Date of Award

May 2019

Document Type


Degree Name

Doctor of Philosophy (PhD)

Committee Member

Phil Roth

Committee Member

Thomas Zagenczyk

Committee Member

Alex Herzog


Social media is increasingly being turned to by employment recruiters as a method of screening out job applicants. To date there has been little research examining what ques are most salient to recruiters when making employability decisions based on their screening of social media. This research seeks to begin to fill that gap by examining signal strength of political and religious identity presentation in a social media signaling environment.

In this research we differentiate between a conventional hireability screening environment and the new paradigm of social media employability screenings by making extensive use of both Signaling Theory and the Similarity Attraction Paradigm. We also explicate how Social Identity Theory is integral to the Similarity Attraction Paradigm and study thereof. Additionally, we develop a new construct, Social Media Deviance, that helps us to explore how recruiters may view social media behaviors when performing hireability evaluations.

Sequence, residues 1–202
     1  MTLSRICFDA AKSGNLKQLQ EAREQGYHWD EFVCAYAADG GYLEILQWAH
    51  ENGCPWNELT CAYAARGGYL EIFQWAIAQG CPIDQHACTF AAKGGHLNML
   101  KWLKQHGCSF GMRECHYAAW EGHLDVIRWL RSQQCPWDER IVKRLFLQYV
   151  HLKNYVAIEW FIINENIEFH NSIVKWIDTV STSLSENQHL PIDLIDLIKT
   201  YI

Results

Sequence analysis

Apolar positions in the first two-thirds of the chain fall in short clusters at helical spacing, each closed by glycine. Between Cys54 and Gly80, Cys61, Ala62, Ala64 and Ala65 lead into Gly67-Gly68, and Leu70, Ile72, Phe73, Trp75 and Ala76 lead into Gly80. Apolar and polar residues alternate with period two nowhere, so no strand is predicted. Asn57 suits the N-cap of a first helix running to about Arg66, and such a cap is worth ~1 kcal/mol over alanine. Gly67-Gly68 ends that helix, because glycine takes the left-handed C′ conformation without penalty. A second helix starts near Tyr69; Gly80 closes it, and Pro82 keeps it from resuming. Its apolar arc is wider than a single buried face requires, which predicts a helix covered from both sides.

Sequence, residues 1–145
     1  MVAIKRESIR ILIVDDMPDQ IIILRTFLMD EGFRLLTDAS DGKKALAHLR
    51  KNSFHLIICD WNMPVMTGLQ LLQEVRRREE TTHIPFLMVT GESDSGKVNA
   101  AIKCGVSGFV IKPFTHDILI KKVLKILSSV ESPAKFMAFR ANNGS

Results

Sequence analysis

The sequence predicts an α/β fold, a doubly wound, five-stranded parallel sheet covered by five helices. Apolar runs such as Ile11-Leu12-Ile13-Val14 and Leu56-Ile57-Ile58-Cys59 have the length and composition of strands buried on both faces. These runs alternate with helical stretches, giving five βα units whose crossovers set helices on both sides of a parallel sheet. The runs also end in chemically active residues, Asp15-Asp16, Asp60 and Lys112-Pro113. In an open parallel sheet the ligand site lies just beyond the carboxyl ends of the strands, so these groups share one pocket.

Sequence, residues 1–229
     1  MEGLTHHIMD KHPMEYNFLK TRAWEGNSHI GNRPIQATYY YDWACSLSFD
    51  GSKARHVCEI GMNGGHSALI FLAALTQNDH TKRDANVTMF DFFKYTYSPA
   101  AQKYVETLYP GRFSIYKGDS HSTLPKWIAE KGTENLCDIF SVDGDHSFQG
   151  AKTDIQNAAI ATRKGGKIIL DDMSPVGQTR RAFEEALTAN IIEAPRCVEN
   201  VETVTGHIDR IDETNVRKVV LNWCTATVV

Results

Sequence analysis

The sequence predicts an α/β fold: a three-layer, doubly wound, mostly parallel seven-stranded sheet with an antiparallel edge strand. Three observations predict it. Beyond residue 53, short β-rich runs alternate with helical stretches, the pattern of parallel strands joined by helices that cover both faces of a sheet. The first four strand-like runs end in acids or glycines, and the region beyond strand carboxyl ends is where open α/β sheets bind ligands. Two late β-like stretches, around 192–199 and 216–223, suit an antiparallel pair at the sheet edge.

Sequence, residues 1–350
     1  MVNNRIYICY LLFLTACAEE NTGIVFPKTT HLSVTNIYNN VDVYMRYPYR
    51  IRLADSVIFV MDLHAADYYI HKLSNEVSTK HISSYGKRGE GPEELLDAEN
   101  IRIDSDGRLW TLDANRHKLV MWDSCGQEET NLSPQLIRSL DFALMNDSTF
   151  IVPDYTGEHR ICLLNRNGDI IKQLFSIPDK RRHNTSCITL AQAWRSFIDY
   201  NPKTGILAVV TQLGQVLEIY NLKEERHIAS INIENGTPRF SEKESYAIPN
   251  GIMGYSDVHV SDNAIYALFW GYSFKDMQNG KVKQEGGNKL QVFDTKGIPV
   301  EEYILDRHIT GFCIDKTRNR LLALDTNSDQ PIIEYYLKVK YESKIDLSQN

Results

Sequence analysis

Using a 2x2x2 factorial design we performed a series of two experiments. In the first we examined political signaling of strong or weak strength, and in the second we examined religious signaling of strong or weak strength. These are both considered deep level similarities which may be readily available for perception via signaling on social media yet remain an unknown variable well into the hiring process via traditional methods utilizing only a resume (i.e., similarities may not be available for perception until an interview is granted).

Our significant findings indicate that Perceived Similarity is mediated through Identification and Disidentification when a job applicant signals their political views in a social media environment. This is indicative that social media may allow us to “tune out” individual’s characteristics and focus instead on group memberships. This becomes especially troubling in the presence of extensive Individuating Information, which was found to be non-significant across all political conditions.

We recommend caution in utilizing social media as an applicant screening tool. If its use is unavoidable, practitioners should take precautionary steps such as having multiple raters that cross the political spectrum.



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